Steve Phillips

Summer of Learn

For various reasons, the past 2 months or so has seen me experimenting with a whole lot of new techniques that I had never previously explored. This also happened last Spring. I want to make this an annual part of my life and so I now introduce the Summer of Learn. Each summer, I will pick a variety of technologies that I am vaguely aware of and make an attempt to get my feet wet. These technologies can range from entirely new languages to new features within languages I already use.

Can we Google bomb good PHP tutorials to the top?

There is an ongoing debate about how terrible PHP is. I'm not going to rehash any of that here, but I began to consider what the community could do about this and an idea came to mind - what if we Google bombed good tutorials?

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Adventures with SASS

I recently began to use SASS to enhance my CSS work. After I got past the learning curve of getting Compass set up and working, I fell in love with the power and simplicity of SASS. It supports the kind of syntax I've long wanted to use, such as variables, mixins and nested rules. The nested rules are especially important to me, since that is the feature I most frequently craved.

The Four Modes of Development

As a developer who is only recently breaching mediocrity, I still constantly strive to improve myself. One technique that I first read about in Martin Fowler's excellent book on Refactoring is to pay close attention to what development mode you are in and act accordingly. In Refactoring, Martin Fowler speaks about two modes - adding function and refactoring.

10 Essential Drupal 7 Plugins

Since I became a Drupal convert last Spring, I have built half a dozen sites on D7 and have begun to establish a very reliable list of plugins that I consider essential for most Drupal builds. These plugins provide critical functionality to the Drupal core to both enhance the user experience and to increase flexibility for the developer. They can be broken down into three categories:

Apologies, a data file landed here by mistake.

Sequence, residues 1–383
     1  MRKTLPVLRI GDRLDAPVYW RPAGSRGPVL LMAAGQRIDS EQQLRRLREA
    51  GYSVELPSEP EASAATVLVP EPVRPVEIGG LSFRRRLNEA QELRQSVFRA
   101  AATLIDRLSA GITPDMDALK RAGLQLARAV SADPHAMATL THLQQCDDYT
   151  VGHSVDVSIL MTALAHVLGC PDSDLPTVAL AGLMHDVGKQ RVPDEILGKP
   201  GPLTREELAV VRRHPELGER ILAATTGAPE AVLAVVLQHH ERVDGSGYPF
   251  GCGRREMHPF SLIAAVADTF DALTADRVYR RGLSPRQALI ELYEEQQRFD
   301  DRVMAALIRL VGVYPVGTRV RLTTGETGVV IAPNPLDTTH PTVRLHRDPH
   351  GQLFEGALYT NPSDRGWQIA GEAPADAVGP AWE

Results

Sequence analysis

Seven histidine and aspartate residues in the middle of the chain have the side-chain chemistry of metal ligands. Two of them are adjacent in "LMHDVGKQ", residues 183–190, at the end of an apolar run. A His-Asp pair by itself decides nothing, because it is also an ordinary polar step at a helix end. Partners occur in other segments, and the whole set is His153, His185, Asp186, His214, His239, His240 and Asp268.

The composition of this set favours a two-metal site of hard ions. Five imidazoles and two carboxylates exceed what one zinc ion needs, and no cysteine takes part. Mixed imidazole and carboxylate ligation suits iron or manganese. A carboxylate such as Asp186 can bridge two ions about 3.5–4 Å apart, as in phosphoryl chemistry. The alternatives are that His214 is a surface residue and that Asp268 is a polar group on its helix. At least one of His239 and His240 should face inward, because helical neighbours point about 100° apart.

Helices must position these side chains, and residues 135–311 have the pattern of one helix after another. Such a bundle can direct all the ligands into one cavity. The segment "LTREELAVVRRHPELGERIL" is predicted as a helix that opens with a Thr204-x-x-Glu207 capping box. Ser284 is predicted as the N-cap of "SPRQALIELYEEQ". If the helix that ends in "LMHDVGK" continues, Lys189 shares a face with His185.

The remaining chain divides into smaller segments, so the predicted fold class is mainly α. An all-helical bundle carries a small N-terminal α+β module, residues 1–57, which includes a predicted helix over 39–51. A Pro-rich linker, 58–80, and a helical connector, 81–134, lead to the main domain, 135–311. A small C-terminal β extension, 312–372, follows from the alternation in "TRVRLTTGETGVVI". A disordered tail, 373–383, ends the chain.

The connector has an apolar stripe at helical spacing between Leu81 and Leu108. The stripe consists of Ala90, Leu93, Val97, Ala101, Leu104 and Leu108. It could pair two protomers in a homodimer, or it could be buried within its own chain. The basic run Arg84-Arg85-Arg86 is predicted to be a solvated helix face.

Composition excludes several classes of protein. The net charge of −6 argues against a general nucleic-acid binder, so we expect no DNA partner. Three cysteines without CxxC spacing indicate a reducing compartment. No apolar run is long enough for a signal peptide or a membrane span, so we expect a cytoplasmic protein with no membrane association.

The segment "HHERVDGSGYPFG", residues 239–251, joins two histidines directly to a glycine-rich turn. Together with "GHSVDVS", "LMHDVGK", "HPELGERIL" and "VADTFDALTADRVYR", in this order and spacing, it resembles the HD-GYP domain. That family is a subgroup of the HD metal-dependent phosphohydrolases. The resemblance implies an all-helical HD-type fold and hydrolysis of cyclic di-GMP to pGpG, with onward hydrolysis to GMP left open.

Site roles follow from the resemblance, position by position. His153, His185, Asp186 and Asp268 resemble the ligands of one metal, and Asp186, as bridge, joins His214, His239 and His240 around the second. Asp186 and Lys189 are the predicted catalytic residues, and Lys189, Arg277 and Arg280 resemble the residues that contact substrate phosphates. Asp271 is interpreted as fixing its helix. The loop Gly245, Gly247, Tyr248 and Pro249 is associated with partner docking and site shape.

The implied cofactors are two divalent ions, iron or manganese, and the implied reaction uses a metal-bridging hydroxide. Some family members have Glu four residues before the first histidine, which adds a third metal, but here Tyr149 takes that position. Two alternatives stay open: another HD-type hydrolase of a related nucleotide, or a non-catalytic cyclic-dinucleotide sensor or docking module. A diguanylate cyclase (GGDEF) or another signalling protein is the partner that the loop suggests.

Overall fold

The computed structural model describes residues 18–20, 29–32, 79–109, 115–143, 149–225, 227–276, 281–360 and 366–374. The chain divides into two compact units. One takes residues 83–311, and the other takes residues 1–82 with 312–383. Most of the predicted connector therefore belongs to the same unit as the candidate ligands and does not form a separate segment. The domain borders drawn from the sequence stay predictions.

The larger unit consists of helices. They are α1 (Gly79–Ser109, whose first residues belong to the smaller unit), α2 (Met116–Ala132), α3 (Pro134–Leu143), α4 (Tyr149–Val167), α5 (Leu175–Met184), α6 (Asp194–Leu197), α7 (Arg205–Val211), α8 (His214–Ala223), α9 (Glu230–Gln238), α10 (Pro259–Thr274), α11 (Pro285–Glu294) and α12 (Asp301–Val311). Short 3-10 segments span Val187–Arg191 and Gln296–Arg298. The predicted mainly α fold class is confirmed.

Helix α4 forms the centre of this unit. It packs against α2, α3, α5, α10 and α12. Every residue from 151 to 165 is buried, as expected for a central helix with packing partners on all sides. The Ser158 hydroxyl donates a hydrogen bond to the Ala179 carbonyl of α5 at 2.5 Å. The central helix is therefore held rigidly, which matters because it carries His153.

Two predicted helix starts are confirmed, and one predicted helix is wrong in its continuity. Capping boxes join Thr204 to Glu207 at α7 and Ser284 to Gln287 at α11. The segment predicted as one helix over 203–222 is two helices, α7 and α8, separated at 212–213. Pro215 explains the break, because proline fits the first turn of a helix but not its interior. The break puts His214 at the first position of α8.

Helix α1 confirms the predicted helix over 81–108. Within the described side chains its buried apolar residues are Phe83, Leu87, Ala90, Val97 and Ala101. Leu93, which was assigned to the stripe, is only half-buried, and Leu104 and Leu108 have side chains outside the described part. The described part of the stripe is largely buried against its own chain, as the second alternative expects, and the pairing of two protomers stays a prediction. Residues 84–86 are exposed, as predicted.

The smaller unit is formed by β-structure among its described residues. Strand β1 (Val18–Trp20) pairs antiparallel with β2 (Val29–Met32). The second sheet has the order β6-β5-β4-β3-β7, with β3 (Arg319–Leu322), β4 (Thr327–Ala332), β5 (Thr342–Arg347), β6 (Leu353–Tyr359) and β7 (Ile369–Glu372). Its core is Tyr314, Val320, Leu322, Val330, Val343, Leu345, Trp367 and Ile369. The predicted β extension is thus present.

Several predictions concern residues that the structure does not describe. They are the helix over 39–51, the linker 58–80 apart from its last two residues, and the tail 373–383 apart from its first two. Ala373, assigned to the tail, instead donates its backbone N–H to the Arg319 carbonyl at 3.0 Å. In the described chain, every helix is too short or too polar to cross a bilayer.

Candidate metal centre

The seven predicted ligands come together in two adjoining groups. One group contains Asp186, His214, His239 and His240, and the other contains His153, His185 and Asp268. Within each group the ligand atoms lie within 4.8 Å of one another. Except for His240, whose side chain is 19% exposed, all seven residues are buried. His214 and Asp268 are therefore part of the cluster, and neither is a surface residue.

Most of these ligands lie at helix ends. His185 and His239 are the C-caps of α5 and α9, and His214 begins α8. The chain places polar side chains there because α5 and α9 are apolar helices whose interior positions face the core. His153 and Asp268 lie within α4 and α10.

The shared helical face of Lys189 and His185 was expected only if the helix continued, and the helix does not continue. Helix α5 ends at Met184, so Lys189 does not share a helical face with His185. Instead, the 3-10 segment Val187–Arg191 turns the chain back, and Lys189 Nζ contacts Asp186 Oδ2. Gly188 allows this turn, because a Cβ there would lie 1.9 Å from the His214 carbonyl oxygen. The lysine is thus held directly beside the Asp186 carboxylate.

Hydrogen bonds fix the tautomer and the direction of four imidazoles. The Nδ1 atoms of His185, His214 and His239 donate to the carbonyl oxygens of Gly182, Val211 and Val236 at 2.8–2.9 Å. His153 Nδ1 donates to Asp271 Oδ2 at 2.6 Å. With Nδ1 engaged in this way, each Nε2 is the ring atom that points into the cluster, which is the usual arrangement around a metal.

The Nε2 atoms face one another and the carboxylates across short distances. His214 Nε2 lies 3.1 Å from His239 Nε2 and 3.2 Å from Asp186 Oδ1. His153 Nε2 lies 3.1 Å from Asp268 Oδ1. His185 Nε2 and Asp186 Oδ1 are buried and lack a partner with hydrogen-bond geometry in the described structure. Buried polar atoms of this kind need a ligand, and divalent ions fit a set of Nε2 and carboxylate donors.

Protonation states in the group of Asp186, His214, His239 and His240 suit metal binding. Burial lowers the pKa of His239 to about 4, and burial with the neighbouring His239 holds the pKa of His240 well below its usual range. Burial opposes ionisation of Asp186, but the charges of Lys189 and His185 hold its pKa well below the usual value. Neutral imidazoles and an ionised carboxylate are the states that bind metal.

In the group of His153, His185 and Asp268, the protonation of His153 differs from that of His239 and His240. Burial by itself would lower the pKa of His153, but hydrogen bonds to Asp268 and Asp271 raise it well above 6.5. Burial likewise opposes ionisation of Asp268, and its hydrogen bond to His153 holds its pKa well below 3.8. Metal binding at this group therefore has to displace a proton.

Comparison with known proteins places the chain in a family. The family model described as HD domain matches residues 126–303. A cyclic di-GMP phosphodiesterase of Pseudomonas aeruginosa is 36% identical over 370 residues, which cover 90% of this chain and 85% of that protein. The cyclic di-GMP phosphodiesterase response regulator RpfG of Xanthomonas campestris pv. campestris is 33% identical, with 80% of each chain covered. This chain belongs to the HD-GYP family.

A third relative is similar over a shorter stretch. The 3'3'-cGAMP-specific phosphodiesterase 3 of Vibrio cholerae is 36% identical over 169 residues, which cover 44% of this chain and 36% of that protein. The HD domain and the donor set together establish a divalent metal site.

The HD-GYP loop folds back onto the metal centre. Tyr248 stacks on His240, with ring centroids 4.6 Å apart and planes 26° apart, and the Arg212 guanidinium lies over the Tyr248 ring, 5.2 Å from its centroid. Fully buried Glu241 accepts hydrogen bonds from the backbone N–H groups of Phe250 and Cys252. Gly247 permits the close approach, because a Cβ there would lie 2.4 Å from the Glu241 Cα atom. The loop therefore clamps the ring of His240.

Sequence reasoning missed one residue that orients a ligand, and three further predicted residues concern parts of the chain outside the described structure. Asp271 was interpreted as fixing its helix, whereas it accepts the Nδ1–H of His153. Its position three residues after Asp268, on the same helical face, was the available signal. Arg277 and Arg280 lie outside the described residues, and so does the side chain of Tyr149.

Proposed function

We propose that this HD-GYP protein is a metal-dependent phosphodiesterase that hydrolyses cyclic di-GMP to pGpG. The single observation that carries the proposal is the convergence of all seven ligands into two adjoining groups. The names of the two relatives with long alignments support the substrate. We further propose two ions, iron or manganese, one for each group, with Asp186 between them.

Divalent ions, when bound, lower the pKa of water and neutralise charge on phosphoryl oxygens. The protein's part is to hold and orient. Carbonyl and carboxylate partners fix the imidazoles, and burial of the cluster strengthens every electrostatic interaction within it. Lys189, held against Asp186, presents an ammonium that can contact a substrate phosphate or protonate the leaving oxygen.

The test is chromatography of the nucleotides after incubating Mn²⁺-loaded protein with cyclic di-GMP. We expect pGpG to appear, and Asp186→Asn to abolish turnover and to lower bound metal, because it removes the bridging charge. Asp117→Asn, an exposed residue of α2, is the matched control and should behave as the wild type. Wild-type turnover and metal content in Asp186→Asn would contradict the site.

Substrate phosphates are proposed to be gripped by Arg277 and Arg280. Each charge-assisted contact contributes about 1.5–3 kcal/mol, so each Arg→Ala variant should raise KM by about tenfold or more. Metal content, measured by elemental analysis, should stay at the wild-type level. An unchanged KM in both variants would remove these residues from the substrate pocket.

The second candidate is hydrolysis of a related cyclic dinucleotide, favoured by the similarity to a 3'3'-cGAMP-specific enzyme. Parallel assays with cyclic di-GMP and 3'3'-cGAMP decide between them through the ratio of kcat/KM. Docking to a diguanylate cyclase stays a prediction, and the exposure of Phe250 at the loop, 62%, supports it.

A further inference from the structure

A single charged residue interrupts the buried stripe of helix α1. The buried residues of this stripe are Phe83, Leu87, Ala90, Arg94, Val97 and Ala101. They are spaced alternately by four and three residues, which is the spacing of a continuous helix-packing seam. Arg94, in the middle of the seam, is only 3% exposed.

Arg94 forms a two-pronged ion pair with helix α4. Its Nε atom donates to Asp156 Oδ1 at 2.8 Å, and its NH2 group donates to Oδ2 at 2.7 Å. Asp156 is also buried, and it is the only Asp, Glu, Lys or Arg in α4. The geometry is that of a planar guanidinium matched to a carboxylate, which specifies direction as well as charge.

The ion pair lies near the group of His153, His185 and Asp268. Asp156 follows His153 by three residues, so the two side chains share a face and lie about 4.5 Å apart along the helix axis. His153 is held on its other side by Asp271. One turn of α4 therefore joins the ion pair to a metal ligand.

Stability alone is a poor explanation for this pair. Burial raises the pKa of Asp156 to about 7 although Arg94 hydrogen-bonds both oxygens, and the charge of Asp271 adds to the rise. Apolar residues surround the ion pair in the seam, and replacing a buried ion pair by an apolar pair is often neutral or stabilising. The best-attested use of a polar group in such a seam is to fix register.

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Quick and dirty PHP memoization

The concept of memoization is simple - cache the results of an expensive function for future calls. I solved a problem recently through memoization, and since I haven't written an article in over a month (due to a death in the family and then moving into a new house), I figured this is a good subject to quickly write something on.

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When IE6 came out

As of right now, Internet Explorer 6 still comprises more than 7% of the browser market share. This is just embarassing. Rather than beat a dead horse on all the things horribly wrong with IE6, I'm taking a slightly different approach. Internet Explorer 6 first released on August 27, 2001. That is almost 11 years ago. Let's take a look at the world at that time.

Fusion turrets - strategies and flyweights

On a side note, it's been two weeks since my last post? That's awful. I feel like I've had a lot to talk about, just haven't had the time to write an article.

The goal

I've been working on fusion a good amount lately, and one of the major pieces of development work is the introduction of 3 new turret types - lasers, missiles and machineguns. This is in addition to the original turret, which has now been renamed the cannon. Each turret type has some advantages and disadvantages:

Straying from LAMP

I recently read an article that very thoroughly tears into the problems that are inherent in PHP. While this one article won't get me to ditch PHP immediately, it did really hit home with many of the points it brings up. There were many times that I thought "You know, I do hate that about PHP" and it made me wonder how many of these issues are present in other languages, or if PHP really is a relatively isolated instance of a terrible language, as the author says.

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Subtle, yet brilliant, techniques

As a lifelong techie, one thing that I have come to love is those very subtle bits of polish in a piece of software that you never realized you needed, but once you see it you wonder how you did without it. As an aspiring game developer, I want to incorporate techniques like these into my software. These little pieces of craftsmanship can be the difference between a mediocre program and a great program.

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